"I think if I gain another five pounds, " said a friend, who was about 15 pounds overweight told a group of us over dinner, "I will be eligible for the new weight-loss surgery." She was helping herself to a piece of luscious chocolate cake that the rest of us were trying to avoid eating.
"Don't you have to be at least l00 pounds overweight before you can have bariatric surgery?" I asked.
Apparently not. She described a suddenly popular new surgical technique that shrinks the stomach by folding the stomach lining and stitching it in place. Patients who want to lose as little as 25 pounds are going through the procedure because although it requires general anesthetic, there is no cutting of skin or muscle. As some of us gagged, our friend told us that the procedure called POSE, or Primary Obesity Surgery Endoluminal, uses an endoscopy tube that passes through the mouth and esophagus to reach the stomach and then makes tummy tucks.
POSE is so new that it has not gone through rigorous clinical testing to see whether it is more successful than other surgical techniques in producing permanent weight loss; nor has it received FDA approval. Nevertheless, people who want to be thin are using this procedure to get rid of weight that does not respond (so they say) to conventional diets and exercise. Our friend said that she had considered liposuction to get rid of some of the fat she could not seem to diet of,f but the stomach-shrinking technique seemed a better option. "This way I will never be able to eat very much, so losing weight and keeping it off will be easy."
Is POSE the so-called magical weight loss option every overweight person has been seeking? Is its relatively quick and non-surgical procedure the answer to a permanent way of keeping off weight? It is much too early to tell. Other surgical procedures to reduce the amount of food that can be swallowed and contained in the stomach have been effective in producing massive amounts of weight loss in the first year or so after the procedure. Yet long-term outcomes are inconsistent. Patients have found that if they consume high-calorie liquids food like melted ice cream, or gradually introduce large amounts of food into their stomachs, they can enlarge its size. Eventually, they are able to eat enough to regain the weight lost during the first year after the operation.
The question I would have liked to ask my friend who is considering the POSE procedure was this: Why couldn't she lose 20 or 25 pounds the conventional way? I didn't, of course. There are some things one cannot discuss, even with close friends. But I think I know the answer. She, like so many others, is consistently inconsistent in her weight-loss efforts. Weeks of a stringent diet and exercise will be followed by an equally long periods of paying little attention to calories and avoiding the gym. Not surprisingly, at the end of every diet year, her weight has not changed by more than a few pounds. She did lose some weight for her daughter's wedding, but put it on a year or so later when her mother was diagnosed with Alzheimer's disease and her father had a stroke. Like it is for so many of us, food became her source of comfort.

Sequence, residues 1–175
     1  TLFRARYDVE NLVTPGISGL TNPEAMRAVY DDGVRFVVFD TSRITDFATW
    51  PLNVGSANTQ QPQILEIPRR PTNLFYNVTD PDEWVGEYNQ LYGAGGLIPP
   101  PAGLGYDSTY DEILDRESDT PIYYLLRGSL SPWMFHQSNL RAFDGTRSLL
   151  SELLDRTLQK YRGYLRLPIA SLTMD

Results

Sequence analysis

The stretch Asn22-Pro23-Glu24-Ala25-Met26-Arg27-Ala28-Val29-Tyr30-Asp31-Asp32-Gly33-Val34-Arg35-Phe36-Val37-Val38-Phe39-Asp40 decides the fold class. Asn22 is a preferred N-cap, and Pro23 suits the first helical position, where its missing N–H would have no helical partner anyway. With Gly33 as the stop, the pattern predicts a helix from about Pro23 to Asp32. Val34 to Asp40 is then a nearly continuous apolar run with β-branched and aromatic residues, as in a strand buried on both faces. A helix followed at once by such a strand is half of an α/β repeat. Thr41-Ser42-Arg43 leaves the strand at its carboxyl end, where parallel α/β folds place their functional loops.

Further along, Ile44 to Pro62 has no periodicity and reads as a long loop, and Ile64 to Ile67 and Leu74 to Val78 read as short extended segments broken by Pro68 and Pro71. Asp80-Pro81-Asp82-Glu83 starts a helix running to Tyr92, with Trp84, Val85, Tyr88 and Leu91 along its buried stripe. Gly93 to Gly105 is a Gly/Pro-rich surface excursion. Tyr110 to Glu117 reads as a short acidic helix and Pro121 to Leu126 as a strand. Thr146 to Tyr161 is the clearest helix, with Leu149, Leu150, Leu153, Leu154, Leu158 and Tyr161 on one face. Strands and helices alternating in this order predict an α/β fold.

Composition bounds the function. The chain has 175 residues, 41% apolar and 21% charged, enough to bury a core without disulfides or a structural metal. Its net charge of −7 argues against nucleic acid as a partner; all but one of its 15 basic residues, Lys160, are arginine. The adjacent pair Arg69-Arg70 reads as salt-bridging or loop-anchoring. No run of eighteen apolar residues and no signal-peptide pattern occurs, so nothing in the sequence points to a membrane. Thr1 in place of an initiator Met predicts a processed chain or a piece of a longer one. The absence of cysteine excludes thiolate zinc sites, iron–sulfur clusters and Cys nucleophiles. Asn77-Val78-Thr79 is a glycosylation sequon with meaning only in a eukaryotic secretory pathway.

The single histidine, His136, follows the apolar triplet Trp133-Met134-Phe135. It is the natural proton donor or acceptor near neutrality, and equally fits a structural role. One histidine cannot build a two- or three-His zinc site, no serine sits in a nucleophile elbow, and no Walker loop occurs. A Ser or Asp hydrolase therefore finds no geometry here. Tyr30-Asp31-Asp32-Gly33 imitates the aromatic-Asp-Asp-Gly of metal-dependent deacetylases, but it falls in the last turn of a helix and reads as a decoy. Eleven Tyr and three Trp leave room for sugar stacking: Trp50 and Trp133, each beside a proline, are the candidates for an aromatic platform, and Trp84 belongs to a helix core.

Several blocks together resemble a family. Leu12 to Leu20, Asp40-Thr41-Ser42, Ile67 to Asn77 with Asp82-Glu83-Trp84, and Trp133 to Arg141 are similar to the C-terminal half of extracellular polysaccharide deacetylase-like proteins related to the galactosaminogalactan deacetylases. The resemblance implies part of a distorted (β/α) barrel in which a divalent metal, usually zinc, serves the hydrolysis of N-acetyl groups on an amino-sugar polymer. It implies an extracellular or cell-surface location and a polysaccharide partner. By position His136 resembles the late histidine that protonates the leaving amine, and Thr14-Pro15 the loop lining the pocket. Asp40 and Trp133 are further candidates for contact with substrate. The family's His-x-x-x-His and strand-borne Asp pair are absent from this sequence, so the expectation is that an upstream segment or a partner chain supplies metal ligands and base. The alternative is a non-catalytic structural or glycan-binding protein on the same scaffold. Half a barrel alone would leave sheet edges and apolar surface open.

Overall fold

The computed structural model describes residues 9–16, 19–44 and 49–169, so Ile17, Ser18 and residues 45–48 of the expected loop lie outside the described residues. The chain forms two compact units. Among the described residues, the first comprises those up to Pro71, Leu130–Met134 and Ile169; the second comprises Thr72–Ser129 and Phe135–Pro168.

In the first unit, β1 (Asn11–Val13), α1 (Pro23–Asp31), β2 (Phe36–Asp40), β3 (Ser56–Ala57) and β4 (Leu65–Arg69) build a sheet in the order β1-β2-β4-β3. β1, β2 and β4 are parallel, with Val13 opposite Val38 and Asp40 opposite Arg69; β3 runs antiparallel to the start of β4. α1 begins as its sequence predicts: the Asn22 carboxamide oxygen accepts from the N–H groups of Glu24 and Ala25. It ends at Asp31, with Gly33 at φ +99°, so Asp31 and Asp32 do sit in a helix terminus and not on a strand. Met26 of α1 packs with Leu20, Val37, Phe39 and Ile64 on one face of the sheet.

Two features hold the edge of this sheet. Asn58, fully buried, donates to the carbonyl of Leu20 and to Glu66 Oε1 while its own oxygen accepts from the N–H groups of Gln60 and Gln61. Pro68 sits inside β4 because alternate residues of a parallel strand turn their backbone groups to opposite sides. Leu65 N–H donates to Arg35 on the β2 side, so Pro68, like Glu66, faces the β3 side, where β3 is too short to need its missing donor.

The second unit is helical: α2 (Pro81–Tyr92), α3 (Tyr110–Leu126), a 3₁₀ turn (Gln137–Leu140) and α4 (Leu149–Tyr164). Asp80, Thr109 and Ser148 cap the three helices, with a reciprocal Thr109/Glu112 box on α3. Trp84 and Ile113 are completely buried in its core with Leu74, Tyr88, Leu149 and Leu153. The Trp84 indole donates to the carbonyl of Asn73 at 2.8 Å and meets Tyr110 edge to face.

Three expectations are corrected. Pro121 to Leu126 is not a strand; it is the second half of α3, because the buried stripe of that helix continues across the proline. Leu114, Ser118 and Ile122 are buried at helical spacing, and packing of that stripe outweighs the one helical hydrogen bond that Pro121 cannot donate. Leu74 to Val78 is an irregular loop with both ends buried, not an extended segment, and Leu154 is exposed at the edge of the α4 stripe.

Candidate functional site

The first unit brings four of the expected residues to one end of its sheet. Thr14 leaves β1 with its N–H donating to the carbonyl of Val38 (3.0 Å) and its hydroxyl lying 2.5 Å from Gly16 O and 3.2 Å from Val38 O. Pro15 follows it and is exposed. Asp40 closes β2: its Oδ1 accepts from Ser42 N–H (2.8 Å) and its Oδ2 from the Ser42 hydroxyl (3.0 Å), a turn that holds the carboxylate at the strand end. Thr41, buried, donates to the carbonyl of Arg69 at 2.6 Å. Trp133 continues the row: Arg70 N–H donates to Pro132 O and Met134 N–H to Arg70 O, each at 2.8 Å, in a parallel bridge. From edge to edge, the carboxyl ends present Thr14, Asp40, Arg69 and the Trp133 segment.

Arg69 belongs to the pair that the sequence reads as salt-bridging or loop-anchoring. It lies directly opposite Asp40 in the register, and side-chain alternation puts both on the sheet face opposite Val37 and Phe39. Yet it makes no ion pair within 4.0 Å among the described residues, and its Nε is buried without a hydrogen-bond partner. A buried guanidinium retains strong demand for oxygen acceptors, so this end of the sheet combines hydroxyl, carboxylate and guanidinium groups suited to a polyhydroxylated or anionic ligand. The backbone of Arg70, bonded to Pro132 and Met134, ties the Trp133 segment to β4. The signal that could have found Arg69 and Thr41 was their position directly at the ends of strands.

She claimed that diets simply never worked well enough to get her to lose 25 pounds. But we all know that under the right circumstances, we all can lose weight. I am sure that if she were shipwrecked and forced to live on raw fish and coconuts, she would be a size 0. She had been on diet programs so many times, she could recite the list of foods that should be eaten every day and could demonstrate how to use the exercise equipment at the gym. But time and again, she abandoned these positive habits, ate whatever she wanted and never went to the gym. How can an operation on her stomach have any effect on making her choose healthy foods and engage in regular physical activity?
What was also worrisome was that she automatically turns to food when she is stressed, eating large amounts of carbohydrates, like potato chips and cookies, that are packed with fat. Will the surgical procedure stop her emotional eating? Can any surgical procedure to reduce stomach size accomplish this?
Our brains are behind our overeating when winter darkness makes us depressed, when PMS causes major mood swings, when we are exhausted from too much work or too little sleep, or stressed to our limits because of financial, family, or health problems. How can a smaller stomach make these stresses less painful and upsetting?
We have learned, perhaps unconsciously, that when our brains respond to our consumption of carbohydrate by making new serotonin, the edge is taken off the stress. We are able to cope and become calmer, more focused and able to handle or endure whatever has upset us. The amount of fat-free or low-fat carbohydrate that has to be eaten to increase serotonin contributes less than 200 calories to our daily food intake. Moreover, the increase in serotonin also has the added benefit of making us feel less hungry.
Bariatric surgery may be lifesaving for people whose weights are propelling them into life- threatening medical disorders. But bariatric surgery, whether a stomach bypass operation or sewing together bits of a stomach lining, is not sufficient to prevent emotional overeating or the failure to accept a permanent commitment to health eating and exercise.
The only solution -- and there is nothing magical about it -- is to understand how to use serotonin to stop emotional overeating and to employ self-discipline for healthy eating and exercise as a program for life.
For more by Judith J. Wurtman, Ph.D., click here.
For more on weight loss, click here.
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